First survivor of East Area Rapist - Golden State Killer recalls encounter
RANCHO CORDOVA, Calif. - The first known victim of the East Area Rapist and serial murderer, who terrorized California in the 1970's and early 1980's recalls encountering the man 40 years ago, at 4:00 a.m. on June 18, 1976 in Rancho Cordova. She was recorded during an interview in June 2016.
Video Transcript Courtesy: FBI
I didn't hear him come in, I didn't hear anything. And all of a sudden, there was someone standing in my door, the bedroom door. And I looked up, and I thought it was my dad at first. You know, because he -- you know, he drives weird hours and he might've come in early. Because it was early in the morning. And, nope, it wasn't my dad.
So… he came in, he had a ski mask on. And jumped on the bed and had a knife. And I don't -- I don't exactly remember what he said. Something to the effect of, you know, "Don't scream," don't, you know, whatever. And tied my hands behind my back.
He put a cut over my eye, over my eye. But I didn't even realize that I had been cut. And I guess part of what he said is that, you know -- I don' t know what he said. I just remember feeling extremely threatened.
After it was all over and done with, he went through the stuff in the room, took money out of my purse, took… some coin books and stuff that I had. And took a piece of jewelry. I don't -- it was just something that I had just gotten. I don't even know what it was.
And I laid in the bed for -- it seemed like forever. Forever. Because I never heard -- I was waiting for the door to close, and I never heard the door close. So I was afraid to get up to -- you know, to see. And finally I says, "Okay, this is do or die."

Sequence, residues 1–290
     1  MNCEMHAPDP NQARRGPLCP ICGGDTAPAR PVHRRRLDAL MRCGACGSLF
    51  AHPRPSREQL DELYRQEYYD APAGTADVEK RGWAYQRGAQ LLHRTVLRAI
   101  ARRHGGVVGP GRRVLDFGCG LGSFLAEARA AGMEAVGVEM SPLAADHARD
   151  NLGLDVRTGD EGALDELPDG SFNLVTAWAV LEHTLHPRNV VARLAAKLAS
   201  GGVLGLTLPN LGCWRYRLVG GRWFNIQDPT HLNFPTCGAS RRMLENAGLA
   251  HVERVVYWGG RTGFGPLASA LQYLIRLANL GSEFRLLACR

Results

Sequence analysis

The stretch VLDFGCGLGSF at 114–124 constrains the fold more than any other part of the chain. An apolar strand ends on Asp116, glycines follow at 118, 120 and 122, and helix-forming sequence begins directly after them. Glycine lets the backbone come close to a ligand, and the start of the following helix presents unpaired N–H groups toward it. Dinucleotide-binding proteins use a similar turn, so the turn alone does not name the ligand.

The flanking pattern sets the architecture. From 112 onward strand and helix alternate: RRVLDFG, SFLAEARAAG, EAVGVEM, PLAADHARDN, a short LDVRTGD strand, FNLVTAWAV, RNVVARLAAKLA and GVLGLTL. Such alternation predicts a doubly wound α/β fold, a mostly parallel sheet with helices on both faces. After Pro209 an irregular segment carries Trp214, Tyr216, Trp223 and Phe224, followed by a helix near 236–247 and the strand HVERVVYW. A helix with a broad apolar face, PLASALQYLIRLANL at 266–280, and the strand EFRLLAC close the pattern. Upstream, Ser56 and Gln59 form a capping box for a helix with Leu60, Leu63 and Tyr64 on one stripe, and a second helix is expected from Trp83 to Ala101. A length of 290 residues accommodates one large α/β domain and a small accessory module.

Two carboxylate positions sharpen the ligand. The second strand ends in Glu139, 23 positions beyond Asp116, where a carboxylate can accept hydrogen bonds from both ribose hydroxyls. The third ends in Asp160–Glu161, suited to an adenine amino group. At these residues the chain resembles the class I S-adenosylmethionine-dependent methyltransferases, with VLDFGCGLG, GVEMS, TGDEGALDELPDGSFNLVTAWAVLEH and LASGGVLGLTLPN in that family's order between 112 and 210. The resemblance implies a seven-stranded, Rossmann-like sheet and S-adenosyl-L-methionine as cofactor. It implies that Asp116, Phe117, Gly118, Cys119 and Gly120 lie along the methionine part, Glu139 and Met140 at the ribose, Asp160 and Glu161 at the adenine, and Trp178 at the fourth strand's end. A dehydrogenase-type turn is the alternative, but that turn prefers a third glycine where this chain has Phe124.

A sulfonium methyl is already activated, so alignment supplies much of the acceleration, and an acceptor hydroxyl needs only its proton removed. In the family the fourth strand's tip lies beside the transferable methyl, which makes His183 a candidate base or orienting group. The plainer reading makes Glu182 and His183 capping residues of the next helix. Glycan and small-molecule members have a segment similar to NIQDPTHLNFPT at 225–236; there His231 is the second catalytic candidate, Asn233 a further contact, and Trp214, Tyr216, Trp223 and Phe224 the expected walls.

I don't… I don't hold it against him. There's something wrong with him. You know, there's something not wired right or whatever. You know, for someone to -- you know, to do this continually. So is that the --
Something -- either he had some trauma or he had something that caused that. I have no idea. But I know it's not -- it's not good to hold hate in your heart and all that, and I don't think I do. I'm just a lot more careful.
I don't want him to be dead, because I think that would've been the easy way out for him, and I don't want that. I'd rather, you know, him be tried and convicted and spend the rest of his life in prison.
There's been anniversaries that have gone by, you know, where it's been like the 20th of June, and it's like, oh, the 18th came and gone. That's good. I'm done. And then there are some times it just -- I wake up and -- and I'm upset, and I don't realize what I'm upset about, and then all of a sudden, oh, it's the 18th.
I'm not as open as I used to be. I -- you know, I used to… if I -- like I said, if I'm in a crowd, I'm on the outskirts. I'm not in the crowd. Even if it's a bunch of people I know, I'm not in the crowd. I'm more on the outskirts watching everybody. You know, it's like there's no one behind me type thing, you know? No one can -- I can see everybody, and no one -- I can see everybody looking at me, let's put it that way. That hasn't -- and that wasn't like that before.
Every now and then you get the little thing -- you know, little sharp pa-- you know, tinglies between the shoulder blades, like someone's watching me, and you turn around and look, and -- but I don't… that's gotten a lot better. It doesn't happen a lot anymore.